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5:36pm: The Astros have officially announced Hinch as their new manager. In a prepared statement within a press release, GM Jeff Luhnow offered the following praise for Hinch:
“I am extremely excited to bring in A.J. as our new manage. Throughout our process, we searched for a person with previous Major League experience, who could effectively lead our young, growing nucleus of talented players. I have no doubt that A.J. is the right person to do that. He brings experience as a Major League player, Major League manager and player development executive. His skillsets and leadership abilities will be enormous assets in our clubhouse and to our entire organization.”
3:31pm: The Astros have called a press conference to make a “significant announcement” at 5:30pm CT today, and MLB.com’s Brian McTaggart hears from a source that it will be to name the team’s new manager (Twitter link). Evan Drellich of the Houston Chronicle reports (Twitter link) that A.J. Hinch is “close” to becoming the Astros’ manager, so it seems likely that Hinch will be announced in that role two hours from now. ESPN’s Jerry Crasnick had tweeted earlier in the day that Hinch was still in the running as the search was narrowing.
Hinch, 40, served as the Diamondbacks’ manager for parts of the 2009-10 seasons, leading the team to an 89-123 record after being hired despite his young age (34 at the time) and the fact that he hadn’t managed at any previous level. More recently, Hinch has served as the vice president of professional scouting for the Padres — a position he left earlier this summer. Hinch was one of three men, along with assistant GMs Omar Minaya and Fred Uhlman Jr., to fill in making baseball operations decisions for the Padres following the dismissal of GM Josh Byrnes earlier this year. A Stanford graduate, Hinch has been called a “numbers guy” by some, so the match with the analytics-driven Astros isn’t a total surprise.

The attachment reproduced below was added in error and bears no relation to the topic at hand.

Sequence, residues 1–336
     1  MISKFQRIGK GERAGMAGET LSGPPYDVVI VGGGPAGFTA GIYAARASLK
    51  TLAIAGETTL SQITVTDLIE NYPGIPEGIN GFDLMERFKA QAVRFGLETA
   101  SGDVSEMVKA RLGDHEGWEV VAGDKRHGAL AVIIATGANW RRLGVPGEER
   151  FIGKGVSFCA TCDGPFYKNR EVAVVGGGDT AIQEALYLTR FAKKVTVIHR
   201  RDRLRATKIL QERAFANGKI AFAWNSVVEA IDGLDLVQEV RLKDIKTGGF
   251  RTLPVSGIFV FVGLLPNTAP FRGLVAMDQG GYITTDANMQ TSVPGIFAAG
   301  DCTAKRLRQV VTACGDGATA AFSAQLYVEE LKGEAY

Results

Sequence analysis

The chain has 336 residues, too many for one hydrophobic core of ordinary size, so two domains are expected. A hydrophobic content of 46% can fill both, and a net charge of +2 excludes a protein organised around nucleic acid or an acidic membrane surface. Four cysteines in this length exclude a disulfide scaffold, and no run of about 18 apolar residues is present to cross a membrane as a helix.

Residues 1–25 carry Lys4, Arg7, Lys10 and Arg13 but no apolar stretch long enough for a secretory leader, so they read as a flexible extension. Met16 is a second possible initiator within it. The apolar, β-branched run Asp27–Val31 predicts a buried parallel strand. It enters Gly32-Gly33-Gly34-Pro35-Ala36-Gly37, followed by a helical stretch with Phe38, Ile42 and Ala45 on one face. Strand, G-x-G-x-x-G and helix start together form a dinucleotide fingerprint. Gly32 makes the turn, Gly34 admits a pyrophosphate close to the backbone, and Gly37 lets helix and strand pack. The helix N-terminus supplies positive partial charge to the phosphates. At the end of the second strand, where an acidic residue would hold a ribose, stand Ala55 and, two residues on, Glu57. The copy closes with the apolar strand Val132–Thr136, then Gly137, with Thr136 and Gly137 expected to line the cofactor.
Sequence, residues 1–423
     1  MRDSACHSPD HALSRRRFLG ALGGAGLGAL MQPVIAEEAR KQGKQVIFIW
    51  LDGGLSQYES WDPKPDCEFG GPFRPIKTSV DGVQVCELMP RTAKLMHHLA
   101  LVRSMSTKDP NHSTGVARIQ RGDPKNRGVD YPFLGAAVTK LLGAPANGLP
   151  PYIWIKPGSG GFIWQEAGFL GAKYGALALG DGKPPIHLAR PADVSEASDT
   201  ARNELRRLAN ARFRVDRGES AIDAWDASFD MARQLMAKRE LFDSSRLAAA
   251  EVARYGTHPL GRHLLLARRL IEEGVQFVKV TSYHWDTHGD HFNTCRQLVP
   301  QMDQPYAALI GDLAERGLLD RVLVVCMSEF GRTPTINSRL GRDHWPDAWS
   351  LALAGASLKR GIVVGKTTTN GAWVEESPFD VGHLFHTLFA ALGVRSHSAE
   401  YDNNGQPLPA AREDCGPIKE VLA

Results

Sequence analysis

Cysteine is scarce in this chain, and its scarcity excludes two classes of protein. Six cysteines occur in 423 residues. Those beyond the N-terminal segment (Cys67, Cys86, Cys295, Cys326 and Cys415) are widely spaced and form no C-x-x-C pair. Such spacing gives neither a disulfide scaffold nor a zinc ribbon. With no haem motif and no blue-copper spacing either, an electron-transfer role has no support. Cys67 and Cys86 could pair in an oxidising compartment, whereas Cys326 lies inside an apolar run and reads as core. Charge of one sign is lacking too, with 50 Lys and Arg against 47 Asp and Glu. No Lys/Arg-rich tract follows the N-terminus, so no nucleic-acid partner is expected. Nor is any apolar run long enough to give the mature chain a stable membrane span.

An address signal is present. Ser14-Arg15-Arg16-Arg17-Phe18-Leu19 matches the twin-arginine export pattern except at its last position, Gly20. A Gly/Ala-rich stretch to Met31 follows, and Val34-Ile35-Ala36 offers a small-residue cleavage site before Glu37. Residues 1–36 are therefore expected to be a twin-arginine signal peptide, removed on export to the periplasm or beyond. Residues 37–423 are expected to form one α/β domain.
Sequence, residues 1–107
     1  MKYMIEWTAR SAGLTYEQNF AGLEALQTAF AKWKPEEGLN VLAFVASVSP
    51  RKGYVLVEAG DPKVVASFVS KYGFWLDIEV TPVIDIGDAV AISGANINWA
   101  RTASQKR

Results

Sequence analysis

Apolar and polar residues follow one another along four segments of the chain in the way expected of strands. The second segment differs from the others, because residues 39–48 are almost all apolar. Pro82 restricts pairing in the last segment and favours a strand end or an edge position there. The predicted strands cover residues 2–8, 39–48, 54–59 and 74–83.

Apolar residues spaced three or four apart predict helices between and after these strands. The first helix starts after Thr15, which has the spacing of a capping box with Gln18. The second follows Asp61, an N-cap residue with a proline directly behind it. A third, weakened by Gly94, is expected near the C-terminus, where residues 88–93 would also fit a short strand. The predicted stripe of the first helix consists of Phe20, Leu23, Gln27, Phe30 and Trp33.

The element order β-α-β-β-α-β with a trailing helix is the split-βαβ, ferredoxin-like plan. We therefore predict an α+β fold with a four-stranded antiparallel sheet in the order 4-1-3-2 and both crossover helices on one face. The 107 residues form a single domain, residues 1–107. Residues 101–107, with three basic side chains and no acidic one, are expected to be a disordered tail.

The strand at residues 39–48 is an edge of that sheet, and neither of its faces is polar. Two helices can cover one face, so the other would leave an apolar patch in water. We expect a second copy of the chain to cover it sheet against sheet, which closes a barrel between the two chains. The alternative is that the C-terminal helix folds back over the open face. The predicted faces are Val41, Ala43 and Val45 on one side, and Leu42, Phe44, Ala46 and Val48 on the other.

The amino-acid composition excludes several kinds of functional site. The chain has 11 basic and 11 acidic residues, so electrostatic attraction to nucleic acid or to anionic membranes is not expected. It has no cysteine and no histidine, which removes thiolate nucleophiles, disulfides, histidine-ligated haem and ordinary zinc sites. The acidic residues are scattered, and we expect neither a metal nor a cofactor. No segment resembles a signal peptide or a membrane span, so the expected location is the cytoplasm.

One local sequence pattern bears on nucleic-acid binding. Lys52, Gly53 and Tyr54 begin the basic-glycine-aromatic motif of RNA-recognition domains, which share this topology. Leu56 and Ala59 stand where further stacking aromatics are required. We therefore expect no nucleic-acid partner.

In addition to his time as a manager and in the front office, Hinch played in parts of eight Major League seasons between the Athletics, Royals, Tigers and Phillies. A catcher by trade, Hinch batted .219/.280/.356 with 32 homers in 1075 big league plate appearances from 1998-2004.
The Astros dismissed Bo Porter from the managerial position earlier this month and have leaned on former minor league manager Tom Lawless as the club’s interim manager. Lawless, along with Red Sox bench coach Torey Lovullo, former Mariners manager Don Wakamatsu and Rays bench coach Dave Martinez were all said to have interviewed for the position at one point.
3:15pm: Gardenhire has been offered a different position within the organization, Ryan said at today’s press conference. Gardenhire says that he hasn’t decided whether or not he would have interest.
1:05pm: La Velle E. Neal III of the Star Tribune reports that the “entire coaching staff is not being brought back,” though he does note that because the new manager will get to choose his staff, some of the current coaches could find their way onto next year’s staff (Twitter links). Presumably, that would happen if the Twins were to hire an internal candidate such as Paul Molitor or Terry Steinbach, both of whom were coaches on this year’s staff.
12:08pm: The Twins have fired longtime manager Ron Gardenhire, the team announced. The 2010 AL Manager of the Year will be replaced following four straight seasons of 90+ losses, and the Twins will immediately begin looking for Gardenhire’s replacement. The status of the other members of the Minnesota coaching staff will be determined by both the new manager and by Twins GM Terry Ryan.
Gardenhire, 56, has been with the Twins organization since 1988, first as a minor league manager and then for 11 years as the team’s third base coach. He took over from Tom Kelly prior to the 2002 season and enjoyed immediate success, leading the Twins to three straight AL Central titles. “Gardy” managed three more AL Central winners from 2006-10, though in all six of his postseason appearances, only won one playoff series.
The last four seasons have been a different story for both Gardenhire and the Twins, as the team struggled to a 265-383 record and finished in last place in three of those four years. Poor roster construction and a lack of minor league depth was generally blamed for Minnesota’s problems rather than Gardenhire, though even in the winning years, he took some criticism for his lineup construction.
Gardenhire has an 1068-1039 record over his career, and given his strong pedigree and reputation around baseball, one would think he’d be an instant candidate for other managerial openings around the game. The Rangers, Diamondbacks and Astros are currently looking for new managers.